• Orange (abnormal+): This alert is triggered for the second+ time with elevated domain state (ie, Δ threshold exceeded for a second or more time) or due to a clinically urgent symptom being present. A push from the Ned platform (a mobile patient-facing app) is sent to the patient to ask their preference for a nurse consultation. If the patient indicates they would like a nurse consultation (ie, they accept the interaction), their alert state is updated to red.
  • Red (direct nurse interaction required): This alert is triggered if the patient accepts a virtual nurse interaction when one or more orange domain states are present.

When the Ned algorithm outputs any alert, patient-facing actionable feedback is provided as the first line of the response with tailored care steps that outline prescriptive actions patients can enact to self-manage their alerting symptoms. The nurse on the web-based dashboard is shown the patients’ overall alert and summary of domain states and questions factoring into the alert.

Anticipated Impact of Patient-Facing Actionable Feedback on Patient Self-Care

Given the chronicity of PCa survivorship symptoms, patients living with long-term symptoms may prefer not to receive clinical care despite reporting ongoing symptom experience, especially as symptoms often lack complete resolution [24]. When the Ned algorithm outputs an alert, patient-facing actionable feedback is the first line of response, in the form of domain-specific care steps. This process honors patient autonomy while facilitating a higher patient-to-clinician ratio by providing self-management strategies to minimize the number of required follow-ups. The goal is to provide patients with an arsenal of techniques to self-manage their symptoms as needed. This ensures patients who constantly receive alerts and demonstrate continuous or increasing symptom burden are provided the necessary care while being respectful of their decision to decline direct nursing intervention. To ground the algorithm outputs as a tractable example, a fictitious patient case study is outlined at baseline and 2 timepoints (Multimedia Appendix 3).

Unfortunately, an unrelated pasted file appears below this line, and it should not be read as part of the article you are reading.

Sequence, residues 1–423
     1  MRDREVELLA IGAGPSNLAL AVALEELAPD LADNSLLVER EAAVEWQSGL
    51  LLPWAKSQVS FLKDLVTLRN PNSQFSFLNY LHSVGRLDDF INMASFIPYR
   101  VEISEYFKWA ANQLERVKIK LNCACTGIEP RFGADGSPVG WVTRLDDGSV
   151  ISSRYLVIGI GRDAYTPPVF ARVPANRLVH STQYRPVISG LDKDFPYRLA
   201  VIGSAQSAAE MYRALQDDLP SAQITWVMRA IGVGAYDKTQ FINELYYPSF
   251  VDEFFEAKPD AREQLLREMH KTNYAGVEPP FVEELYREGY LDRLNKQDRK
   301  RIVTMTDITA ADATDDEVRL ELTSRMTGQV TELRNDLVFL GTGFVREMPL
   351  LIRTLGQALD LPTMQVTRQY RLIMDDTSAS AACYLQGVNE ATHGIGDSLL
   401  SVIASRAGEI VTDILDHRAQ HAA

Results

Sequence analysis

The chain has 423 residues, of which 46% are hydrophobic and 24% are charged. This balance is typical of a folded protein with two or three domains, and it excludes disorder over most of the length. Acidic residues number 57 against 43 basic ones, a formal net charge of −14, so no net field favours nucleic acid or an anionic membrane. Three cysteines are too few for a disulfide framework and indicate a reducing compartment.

We anticipate the successful application of this survivorship algorithm will support the delivery of holistic nurse-led care and facilitate improved quality of life and survivorship experience with a high patient-to-nurse ratio. Our approach provides patient-facing actionable feedback on patient self-care to promote independent access to self-care education without necessarily having to see a care provider.

People who have been having prostate cancer treatment symptoms for a long time are familiar with how to manage it...they might not want medical advice because they know they can manage it and that there is no true solution.
[Patient A]

Overcoming Ned Algorithm Operationalization Barriers

Our intent was to incorporate the Ned algorithm into our Ned virtual clinics to improve efficiencies while enhancing the quality of care (eg, empower patients with the ability to self-manage symptoms and aspects of their cancer care). To operationalize the Ned algorithm there are 3 additional considerations. First, within the context of nurse-led care provision, the Ned algorithm must have a clearly defined scope in terms of eligibility and appropriate use. Second, robust provider education is required to ensure appropriate clinical application and utility. To this end, we engaged senior nurse experts in oncology care to inform the creation of a nursing curriculum that will position Ned nurses to understand both algorithm-related and non–algorithm-related core care intervention pathways. Third, a formal evaluation is warranted of care provider responses to algorithm alerts and Ned as clinical decision support.